Get http://gaia.cs.umass.edu/index.htm

Got the

time?

2:00

<file>

time

What’s a protocol?

Hi

TCP connection

req.

Hi

in summary a protocol is
In Summary, a protocol is ....
  • An agreement about communication between two or more entities
  • It specifies

– Format of messages

– Meaning of messages

– Rules for exchange

– Procedures for handling problems

protocol specification
Protocol Specification
  • As designers, we can specify a protocol using
    • Event-Time Diagrams
    • Transition Diagrams
  • We can implement a protocol with a Finite State Machine (FSM)
  • Internet Protocols are formalized by RFCs which are administered by IETF
  • You can find any RFChere
event time diagrams
Event -Time Diagrams
  • Define causal ordering
  • Define indication/request/response actions
transition diagram
Transition Diagram
  • Illustrates
    • States
    • Input (the Event that causes transition)
    • Transitions (to new states)
protocol layers
Networks are complex!

many “pieces”:

hosts

routers

links of various media

applications

protocols

hardware, software

Question:

Is there any hope of organizing structure of network?

Or at least our discussion of networks?

Protocol “Layers”
why layering
Why layering?

Dealing with complex systems:

  • explicit structure allows identification, relationship of complex system’s pieces
    • layered reference model for discussion
  • modularization eases maintenance, updating of system
    • change of implementation of layer’s service transparent to rest of system
    • e.g., change in gate procedure doesn’t affect rest of system
  • Can layering sometimes be undesirable?
internet protocol stack
application: supporting network applications

FTP, SMTP, HTTP

transport: process-process data transfer

TCP, UDP

network: routing of datagrams from source to destination

IP, routing protocols

link: data transfer between neighboring network elements

PPP, Ethernet

physical: bits “on the wire”

application

transport

network

link

physical

Internet protocol stack
encapsulation

network

link

physical

link

physical

M

M

M

Ht

M

Hn

Hn

Hn

Hn

Ht

Ht

Ht

Ht

M

M

M

M

Hn

Ht

Ht

Hl

Hl

Hl

Hn

Hn

Hn

Ht

Ht

Ht

M

M

M

source

Encapsulation

message

application

transport

network

link

physical

segment

datagram

frame

switch

destination

application

transport

network

link

physical

router

slide26
OSI
  • Open Systems Interconnection
  • Developed by the International Organization for Standardization (ISO)
  • Seven layers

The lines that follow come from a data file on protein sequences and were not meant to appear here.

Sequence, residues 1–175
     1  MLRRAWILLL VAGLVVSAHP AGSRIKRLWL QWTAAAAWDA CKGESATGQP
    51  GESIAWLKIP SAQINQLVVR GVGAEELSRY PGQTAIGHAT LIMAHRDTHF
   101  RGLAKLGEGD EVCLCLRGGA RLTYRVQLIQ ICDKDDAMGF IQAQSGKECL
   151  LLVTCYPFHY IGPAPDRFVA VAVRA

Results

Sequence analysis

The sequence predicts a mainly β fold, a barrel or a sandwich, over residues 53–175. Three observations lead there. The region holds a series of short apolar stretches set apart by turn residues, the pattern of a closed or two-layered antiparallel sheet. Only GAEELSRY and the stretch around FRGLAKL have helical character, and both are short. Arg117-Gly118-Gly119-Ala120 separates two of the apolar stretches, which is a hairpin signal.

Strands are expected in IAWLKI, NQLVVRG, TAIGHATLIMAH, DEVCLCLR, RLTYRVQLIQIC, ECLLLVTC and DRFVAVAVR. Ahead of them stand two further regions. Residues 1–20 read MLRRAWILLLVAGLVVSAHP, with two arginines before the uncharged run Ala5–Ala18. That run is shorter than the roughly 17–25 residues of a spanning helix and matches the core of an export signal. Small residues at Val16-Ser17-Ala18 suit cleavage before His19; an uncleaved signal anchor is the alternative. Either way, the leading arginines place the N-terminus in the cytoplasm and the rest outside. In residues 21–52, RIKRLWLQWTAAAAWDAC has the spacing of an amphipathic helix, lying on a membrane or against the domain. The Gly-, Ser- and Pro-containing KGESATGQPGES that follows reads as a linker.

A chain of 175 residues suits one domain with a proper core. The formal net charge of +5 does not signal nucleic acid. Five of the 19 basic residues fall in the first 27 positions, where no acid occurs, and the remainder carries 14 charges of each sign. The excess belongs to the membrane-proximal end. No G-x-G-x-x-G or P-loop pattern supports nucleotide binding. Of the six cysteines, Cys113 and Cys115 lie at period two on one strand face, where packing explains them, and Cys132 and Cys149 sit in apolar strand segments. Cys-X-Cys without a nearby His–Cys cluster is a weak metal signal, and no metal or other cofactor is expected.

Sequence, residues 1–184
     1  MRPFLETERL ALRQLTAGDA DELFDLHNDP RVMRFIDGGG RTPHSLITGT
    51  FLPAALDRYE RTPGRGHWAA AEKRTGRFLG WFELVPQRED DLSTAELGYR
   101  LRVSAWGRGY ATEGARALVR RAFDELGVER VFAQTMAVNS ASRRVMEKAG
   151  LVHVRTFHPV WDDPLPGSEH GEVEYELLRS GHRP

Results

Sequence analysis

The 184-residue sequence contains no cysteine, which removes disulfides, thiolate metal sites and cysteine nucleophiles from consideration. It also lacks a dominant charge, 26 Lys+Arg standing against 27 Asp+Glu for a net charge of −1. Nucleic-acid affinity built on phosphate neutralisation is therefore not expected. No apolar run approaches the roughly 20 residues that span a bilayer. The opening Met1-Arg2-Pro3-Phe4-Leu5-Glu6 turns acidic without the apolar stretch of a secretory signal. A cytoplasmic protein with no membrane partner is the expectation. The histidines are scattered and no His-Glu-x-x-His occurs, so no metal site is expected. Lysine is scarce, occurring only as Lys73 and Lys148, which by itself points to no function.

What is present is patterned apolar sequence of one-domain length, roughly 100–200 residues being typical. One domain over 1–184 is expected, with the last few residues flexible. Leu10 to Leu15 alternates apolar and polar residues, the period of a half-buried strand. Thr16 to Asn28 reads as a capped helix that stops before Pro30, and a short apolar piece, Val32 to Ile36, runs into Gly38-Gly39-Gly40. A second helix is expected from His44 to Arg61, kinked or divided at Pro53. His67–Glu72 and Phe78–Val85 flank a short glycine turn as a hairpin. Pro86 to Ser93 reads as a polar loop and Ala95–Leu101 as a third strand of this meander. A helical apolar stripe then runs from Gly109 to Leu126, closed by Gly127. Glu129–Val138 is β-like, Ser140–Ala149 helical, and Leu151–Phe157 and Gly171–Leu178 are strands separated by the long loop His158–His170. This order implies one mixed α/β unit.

• A theoretical system delivered too late!
  • TCP/IP is the de facto standard
osi the model
OSI - The Model
  • A layer model
  • Each layer performs a subset of the required communication functions
  • Each layer relies on the next lower layer to perform more primitive functions
  • Each layer provides services to the next higher layer
  • Changes in one layer should not require changes in other layers
standards
Standards
  • Required to allow for interoperability between equipment
  • Advantages
    • Ensures a large market for equipment and software
    • Allows products from different vendors to communicate
  • Disadvantages
    • Freeze technology
    • May be multiple standards for the same thing
how do loss and delay occur
packets queue in router buffers

packet arrival rate to link exceeds output link capacity

packets queue, wait for turn

packet being transmitted (delay)

packets queueing (delay)

free (available) buffers: arriving packets

dropped (loss) if no free buffers

How do loss and delay occur?

A

B

four sources of packet delay
1. nodal processing:

check bit errors

determine output link

transmission

A

propagation

B

nodal

processing

queueing

Four sources of packet delay
  • 2. queueing
    • time waiting at output link for transmission
    • depends on congestion level of router
delay in packet switched networks
3. Transmission delay:

R=link bandwidth (bps)

L=packet length (bits)

time to send bits into link = L/R

4. Propagation delay:

d = length of physical link

s = propagation speed in medium (~2x108 m/sec)

propagation delay = d/s

transmission

A

propagation

B

nodal

processing

queueing

Delay in packet-switched networks

Note: s and R are very different quantities!